At the settlement of la Caroline, French settlers struggled for survival in a new world.  Many sought religious freedom in a new land, while others were soldiers or tradesmen starting a new life.  The climactic battles fought here between the French and Spanish marked the first time that European nations fought for control of lands in what is now the United States.  It would not be the last time. 

(descriptions by NPS)

Big Cypress (Ochopee)

The freshwaters of the Big Cypress Swamp, essential to the health of the neighboring Everglades, support the rich marine estuaries along Florida's southwest coast. Protecting over 729,000 acres of this vast swamp, Big Cypress National Preserve contains a mixture of tropical and temperate plant communities that are home to a diversity of wildlife, including the elusive Florida panther.

Timucuan (Jacksonville)

Visit one of the last unspoiled coastal wetlands on the Atlantic Coast. Discover 6,000 years of human history and experience the beauty of salt marshes, coastal dunes, and hardwood hammocks. The Timucuan Preserve includes Fort Caroline and Kingsley Plantation.

(descriptions by NPS)

Gullah / Geechee Cultural Heritage Corridor (FL, GA, SC, NC)

The Gullah Geechee Cultural Heritage Corridor is a National Heritage Area and it was established by the U.S. Congress to recognize the unique culture of the Gullah Geechee people who have traditionally resided in the coastal areas and the sea islands of North Carolina, South Carolina, Georgia and Florida  — from Pender County, North Carolina, to St. John’s County, Florida.   Throughout the Gullah Geechee Cultural Heritage Corridor today there are vibrant and historic Gullah Geechee communities. 

Loxahatchee Wild and Scenic River (Jupiter, Tequesta)

This scenic southern river flows through an interesting vegetative landscape which supports a wide range of aquatic and terrestrial fish and wildlife species. The river also provides for an abundance of bird species.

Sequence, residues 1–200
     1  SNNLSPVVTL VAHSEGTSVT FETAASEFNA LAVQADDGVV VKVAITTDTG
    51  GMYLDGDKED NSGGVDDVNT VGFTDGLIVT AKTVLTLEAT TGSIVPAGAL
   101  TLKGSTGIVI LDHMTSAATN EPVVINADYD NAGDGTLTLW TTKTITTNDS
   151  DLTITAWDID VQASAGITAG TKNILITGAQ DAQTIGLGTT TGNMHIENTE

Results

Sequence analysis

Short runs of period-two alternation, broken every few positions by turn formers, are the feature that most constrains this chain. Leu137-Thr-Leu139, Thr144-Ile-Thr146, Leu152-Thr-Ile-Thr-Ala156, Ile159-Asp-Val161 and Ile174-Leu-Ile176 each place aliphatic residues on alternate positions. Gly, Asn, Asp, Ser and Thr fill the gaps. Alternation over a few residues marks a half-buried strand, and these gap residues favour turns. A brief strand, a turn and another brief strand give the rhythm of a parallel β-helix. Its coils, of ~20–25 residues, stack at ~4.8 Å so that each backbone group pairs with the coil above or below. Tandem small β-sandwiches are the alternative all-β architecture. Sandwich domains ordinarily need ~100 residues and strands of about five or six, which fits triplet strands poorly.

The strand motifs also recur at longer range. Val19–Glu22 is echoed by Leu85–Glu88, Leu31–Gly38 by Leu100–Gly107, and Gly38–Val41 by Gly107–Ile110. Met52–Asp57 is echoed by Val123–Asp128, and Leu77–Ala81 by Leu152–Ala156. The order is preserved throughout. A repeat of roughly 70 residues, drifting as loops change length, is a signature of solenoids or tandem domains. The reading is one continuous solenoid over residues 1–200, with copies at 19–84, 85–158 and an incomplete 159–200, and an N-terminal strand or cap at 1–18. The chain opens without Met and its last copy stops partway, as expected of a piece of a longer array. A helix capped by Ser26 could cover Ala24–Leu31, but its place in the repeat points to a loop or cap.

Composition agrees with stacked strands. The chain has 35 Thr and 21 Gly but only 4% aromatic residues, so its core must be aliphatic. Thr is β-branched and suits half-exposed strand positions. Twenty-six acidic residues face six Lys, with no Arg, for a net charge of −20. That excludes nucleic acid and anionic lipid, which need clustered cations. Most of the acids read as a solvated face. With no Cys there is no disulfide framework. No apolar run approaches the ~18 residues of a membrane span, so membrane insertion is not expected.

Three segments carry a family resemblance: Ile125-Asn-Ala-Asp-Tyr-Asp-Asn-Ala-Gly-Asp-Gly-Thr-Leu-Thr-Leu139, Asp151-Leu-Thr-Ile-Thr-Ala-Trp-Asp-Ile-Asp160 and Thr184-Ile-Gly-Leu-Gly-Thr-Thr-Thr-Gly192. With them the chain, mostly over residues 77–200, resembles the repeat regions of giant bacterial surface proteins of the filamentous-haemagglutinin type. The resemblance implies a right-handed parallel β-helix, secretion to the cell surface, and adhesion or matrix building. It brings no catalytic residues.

The Loxahatchee River is a special river, important to many in Florida. A resident, John Henkelman, has created three wonderful videos—available via YouTube—highlighting the many special values of the river. Our thanks to John for sharing these videos.

Hiking the Loxahatchee Wild & Scenic River, Kayaking the Loxahatchee Wild & Scenic River, Sounds of the Loxahatchee Wild & Scenic River

Wekiva Wild and Scenic River (Apopka, Altamonte Springs, Sanford)

The Wekiva River Basin is a complex ecological system of rivers, springs, seepage areas, lakes, streams, sinkholes, wetland prairies, hardwood hammocks, pine flatwoods and sand pine scrub communities. Water quality is exhibited in two ways. Several streams are clear due to being spring-fed. Others are blackwater; blackwater streams receive most of their flow from precipitation resulting in annual rainy season over-bank flows. The Wekiva and its tributaries are in superb ecological condition. The basin is almost entirely within Florida State lands and supports many species of plant and animal life, some of which are endangered, threatened, or of special concern.

(descriptions by NPS)

Florida State Parks

plan your state park adventure!

Florida State Parks Foundation

The Foundation’s mission is to support and help sustain the Florida Park Service through programs that:

  • Preserve and protect state parks
  • Increase universal access to state parks
  • Educate and bring children to state parks
  • Educate decision makers about the value of state parks
  • Encourage community engagement and active use of state parks
  • Provide financial support for park projects that supplement state and Friends Group funding


Florida Fish and Wildlife Conservation Commission

In-house graphics-DEP-Color-Logo-Print.jpg | Florida Department of Environmental  Protection

Amelia Island State Park

Amelia Island is the only Florida state park that offers horseback riding on its beaches! Riding the beach at Amelia Island has been a favorite pastime of visitors for years. Kelly Seahorse Ranch - the visitor service provider - offers all the horseback riding fun that guests could want. 

Avalon State Park

Avalon has more than a mile of increasingly rare undeveloped beachfront. The park provides a habitat for many species of wildlife. 

Threatened and endangered sea turtles such as the loggerhead, Atlantic green, and leatherback nest on the beach during the spring and summer. Dune crossovers protect the fragile dune ecosystem.

The park is ideal for swimmers, snorkelers, anglers, and sunbathers for beach recreation. Swimmers and snorkelers are advised to be cautious of underwater obstacles left behind by amphibious warfare exercises during World War II. Visitors can enjoy a meal at sheltered picnic tables overlooking the beach